Stephen Jones OBE is one of the most iconic and influential milliners of all time. Based in London designing hats for A listers, Stephen’s achievements are endless, including curating the world famous ‘Hats’ exhibition at the V&A in 2009. Bridebook was fortunate enough to speak to Stephen Jones about two things we love: hats and weddings (of course!)
No it shouldn’t be compulsory to wear a hat, people have freedom of expression, but maybe those who are not really hat wearers should have a go because they’ll realise they’ll have so much fun wearing one, especially on such a special occasion.
Ideally it should not be white as white is the colour of the bride. It should not be too big because if you’re in a Church or a Synagogue you don’t want to obscure the view of the person behind. On the other hand, however, if you’re known as an eccentric dresser you don’t want to let down your audience.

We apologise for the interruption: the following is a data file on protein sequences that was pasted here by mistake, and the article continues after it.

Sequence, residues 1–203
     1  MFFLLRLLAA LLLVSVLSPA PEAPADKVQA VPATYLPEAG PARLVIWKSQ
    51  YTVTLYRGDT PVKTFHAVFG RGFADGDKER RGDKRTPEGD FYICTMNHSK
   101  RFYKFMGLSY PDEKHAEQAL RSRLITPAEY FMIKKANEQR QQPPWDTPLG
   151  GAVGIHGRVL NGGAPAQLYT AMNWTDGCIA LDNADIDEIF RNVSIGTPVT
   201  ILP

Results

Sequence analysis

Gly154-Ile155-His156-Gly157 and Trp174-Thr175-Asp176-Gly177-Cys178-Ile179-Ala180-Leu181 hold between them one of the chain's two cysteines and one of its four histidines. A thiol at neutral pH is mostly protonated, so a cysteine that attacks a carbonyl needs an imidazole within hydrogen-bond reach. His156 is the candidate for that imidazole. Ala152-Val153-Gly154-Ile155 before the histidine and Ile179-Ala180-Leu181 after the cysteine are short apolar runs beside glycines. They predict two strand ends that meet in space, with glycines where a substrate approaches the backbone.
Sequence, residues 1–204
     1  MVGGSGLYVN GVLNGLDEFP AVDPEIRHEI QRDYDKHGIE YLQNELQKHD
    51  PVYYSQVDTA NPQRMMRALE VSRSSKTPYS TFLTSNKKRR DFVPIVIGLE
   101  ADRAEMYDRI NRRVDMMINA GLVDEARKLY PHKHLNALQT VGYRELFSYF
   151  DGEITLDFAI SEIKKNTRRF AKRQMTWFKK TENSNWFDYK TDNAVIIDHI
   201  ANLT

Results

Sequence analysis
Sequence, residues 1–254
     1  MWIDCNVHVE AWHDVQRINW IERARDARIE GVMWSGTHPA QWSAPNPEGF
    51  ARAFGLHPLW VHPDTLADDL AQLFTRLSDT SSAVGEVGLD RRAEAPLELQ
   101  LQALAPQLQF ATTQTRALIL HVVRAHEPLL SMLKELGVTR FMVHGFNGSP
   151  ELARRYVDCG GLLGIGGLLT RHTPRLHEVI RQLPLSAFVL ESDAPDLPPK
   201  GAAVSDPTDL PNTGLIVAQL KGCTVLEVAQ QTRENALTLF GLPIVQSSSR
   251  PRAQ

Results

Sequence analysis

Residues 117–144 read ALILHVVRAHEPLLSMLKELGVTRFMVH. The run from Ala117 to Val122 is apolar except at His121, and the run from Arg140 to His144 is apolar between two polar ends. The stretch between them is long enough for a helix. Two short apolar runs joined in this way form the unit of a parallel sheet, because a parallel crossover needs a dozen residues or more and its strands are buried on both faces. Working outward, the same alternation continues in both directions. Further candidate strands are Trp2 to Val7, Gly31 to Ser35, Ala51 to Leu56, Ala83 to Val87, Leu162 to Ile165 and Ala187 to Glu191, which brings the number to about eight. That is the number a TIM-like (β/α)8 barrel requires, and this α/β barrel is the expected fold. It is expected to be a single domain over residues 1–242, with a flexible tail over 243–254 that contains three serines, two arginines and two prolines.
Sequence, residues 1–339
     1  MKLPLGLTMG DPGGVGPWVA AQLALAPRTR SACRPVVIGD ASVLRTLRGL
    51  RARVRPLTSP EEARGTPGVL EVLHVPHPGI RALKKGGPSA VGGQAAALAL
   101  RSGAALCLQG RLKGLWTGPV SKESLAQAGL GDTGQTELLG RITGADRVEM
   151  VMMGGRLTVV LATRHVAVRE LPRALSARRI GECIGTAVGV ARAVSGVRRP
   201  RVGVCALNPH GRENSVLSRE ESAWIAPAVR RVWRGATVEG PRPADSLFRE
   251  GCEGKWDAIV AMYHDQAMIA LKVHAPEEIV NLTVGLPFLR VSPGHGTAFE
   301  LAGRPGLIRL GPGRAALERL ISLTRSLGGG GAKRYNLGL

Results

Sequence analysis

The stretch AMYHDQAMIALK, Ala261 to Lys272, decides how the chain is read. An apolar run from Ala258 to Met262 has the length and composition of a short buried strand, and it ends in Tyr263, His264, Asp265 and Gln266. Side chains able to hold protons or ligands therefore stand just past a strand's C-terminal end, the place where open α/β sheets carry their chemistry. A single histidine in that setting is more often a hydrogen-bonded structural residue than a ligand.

A hat needs to suit your face more than it has to suit your fashion. So if you have a long face don’t wear a tall crowned hat. If you wear glasses, wear a hat with a turned up brim at the front so as not to crowd your face. If you have a broad face, wear a broader brimmed hat or a hat with statement pieces such as flowers. If you have a square face, wear something asymmetric to soften it. You can do all that, but I also think matching is a nice touch. It’s a big enough statement that you’re wearing a hat so you don’t need it to contrast your colours, or have it in any unusual colour. Also keep in mind that whatever colour your hat is gets cast across your face, so beware lime green hats! Sunshine cast through a blue hat tends to add a nice, gentle hue to your skin.
The Chelsea Town Hall in London, a truly lovely venue. My favourite part was seeing a whole line of my guests walking two by two down the road at 9am on Monday morning, on the first day of London Fashion Week, dressed to the nines going to our wedding breakfast.